Canadian energy producers are increasingly finding themselves in competition with the market to which they primarily export: the United States.
Oil exports to Canada doubled in just the past year, according to data from the U.S. Energy Information Administration.
Canada imported some 263,000 barrels of crude oil per day from the U.S. in April of this year, the EIA data shows, double the amount exported a year earlier, and six-and-a-half times as much as the U.S. exported to Canada just two years ago, in April, 2012.
It’s the highest level of oil exports to Canada in records going back more than two decades.
Granted, Canadian oil exports to the U.S. are still far larger. Canada exported some 2.7 million barrels per day to the U.S. in April, according to the National Energy Board.
The extraction of oil and gas through fracking has made the U.S. the world’s largest oil producer, eclipsing Saudi Arabia. The U.S. is expected to produce more oil next year than in any year since 1972.
Unlike the heavy bitumen from the oilsands, U.S. crude is light and therefore a desirable alternative to the light crude that Canadian businesses and east coast refineries buy from overseas. And it sells at a $7-a-barrel discount compared to global prices.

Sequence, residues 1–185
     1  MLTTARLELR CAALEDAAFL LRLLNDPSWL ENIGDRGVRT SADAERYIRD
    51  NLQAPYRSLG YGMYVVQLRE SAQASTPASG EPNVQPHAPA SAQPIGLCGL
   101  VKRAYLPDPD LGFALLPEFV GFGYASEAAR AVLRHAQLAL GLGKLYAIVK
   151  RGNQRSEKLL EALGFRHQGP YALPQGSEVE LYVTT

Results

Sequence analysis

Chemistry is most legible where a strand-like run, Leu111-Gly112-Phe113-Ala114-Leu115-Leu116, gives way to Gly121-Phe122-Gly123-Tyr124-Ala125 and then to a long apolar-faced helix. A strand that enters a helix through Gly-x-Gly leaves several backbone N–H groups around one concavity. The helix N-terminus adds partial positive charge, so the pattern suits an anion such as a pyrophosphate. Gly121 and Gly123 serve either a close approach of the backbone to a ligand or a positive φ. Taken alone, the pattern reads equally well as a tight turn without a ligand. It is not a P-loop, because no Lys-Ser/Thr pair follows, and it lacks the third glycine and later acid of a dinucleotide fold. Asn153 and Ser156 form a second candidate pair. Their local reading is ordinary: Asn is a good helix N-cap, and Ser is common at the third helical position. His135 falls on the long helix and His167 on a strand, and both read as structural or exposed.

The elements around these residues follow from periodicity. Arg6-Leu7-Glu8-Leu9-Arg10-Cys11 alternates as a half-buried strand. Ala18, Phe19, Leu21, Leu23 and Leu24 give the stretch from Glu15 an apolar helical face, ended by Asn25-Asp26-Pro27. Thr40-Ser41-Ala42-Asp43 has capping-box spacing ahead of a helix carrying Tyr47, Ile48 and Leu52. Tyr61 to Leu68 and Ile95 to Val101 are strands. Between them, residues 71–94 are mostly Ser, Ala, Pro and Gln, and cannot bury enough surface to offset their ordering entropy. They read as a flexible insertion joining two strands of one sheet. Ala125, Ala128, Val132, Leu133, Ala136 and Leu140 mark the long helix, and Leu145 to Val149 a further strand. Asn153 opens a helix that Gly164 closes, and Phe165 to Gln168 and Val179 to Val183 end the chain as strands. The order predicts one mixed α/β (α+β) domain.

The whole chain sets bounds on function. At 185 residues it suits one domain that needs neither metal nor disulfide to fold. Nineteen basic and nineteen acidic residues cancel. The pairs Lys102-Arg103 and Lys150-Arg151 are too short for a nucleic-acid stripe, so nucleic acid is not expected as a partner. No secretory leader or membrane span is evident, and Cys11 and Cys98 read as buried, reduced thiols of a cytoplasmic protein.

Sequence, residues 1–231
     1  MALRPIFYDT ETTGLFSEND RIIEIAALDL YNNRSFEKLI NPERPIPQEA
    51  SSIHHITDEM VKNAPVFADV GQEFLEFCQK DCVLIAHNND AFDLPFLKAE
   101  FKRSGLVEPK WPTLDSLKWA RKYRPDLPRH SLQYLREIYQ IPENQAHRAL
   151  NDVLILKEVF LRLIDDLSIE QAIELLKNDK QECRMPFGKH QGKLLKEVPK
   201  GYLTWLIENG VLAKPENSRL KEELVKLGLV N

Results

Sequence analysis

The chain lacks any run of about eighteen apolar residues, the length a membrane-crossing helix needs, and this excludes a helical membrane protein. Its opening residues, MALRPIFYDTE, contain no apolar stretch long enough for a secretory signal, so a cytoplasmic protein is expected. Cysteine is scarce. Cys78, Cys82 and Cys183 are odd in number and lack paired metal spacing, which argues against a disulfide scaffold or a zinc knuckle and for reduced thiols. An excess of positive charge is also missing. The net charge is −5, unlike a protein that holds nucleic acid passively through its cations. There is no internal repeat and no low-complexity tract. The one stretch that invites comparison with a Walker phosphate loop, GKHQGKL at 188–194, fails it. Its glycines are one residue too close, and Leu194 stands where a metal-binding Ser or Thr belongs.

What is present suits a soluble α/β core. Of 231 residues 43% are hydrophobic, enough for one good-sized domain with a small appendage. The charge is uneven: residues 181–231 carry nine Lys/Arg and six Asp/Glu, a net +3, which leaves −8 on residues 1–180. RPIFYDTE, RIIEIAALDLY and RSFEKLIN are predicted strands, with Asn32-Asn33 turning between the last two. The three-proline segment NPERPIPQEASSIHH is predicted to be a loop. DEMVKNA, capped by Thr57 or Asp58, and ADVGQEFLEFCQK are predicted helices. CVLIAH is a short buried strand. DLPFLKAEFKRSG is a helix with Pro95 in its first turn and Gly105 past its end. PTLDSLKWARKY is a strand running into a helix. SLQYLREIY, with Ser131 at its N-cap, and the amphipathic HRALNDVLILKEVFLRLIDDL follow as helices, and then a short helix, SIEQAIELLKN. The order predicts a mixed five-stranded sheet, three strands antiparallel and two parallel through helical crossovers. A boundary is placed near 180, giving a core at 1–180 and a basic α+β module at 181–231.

That means Canadian energy exporters are falling behind, even on their own turf, the National Post reports. They are losing market share even in Alberta, the paper reports.
The Post cites the example of Calgary-based Nova Chemicals Corp., which began buying ethane from the Bakken fields in North Dakota in June.
The new source of ethane has been “absolutely critical to our success and growth plans,” a company president told the newspaper. After years of suffering with supply disruptions, the company is now confident enough to plan a $1-billion investment in a new polyethylene manufacturing unit.
Booming oil and gas shipments from the U.S. could prove to be controversial. The Lac-Megantic disaster that killed 47 people last July was caused by a train carrying Bakken oil to the Irving refinery in New Brunswick.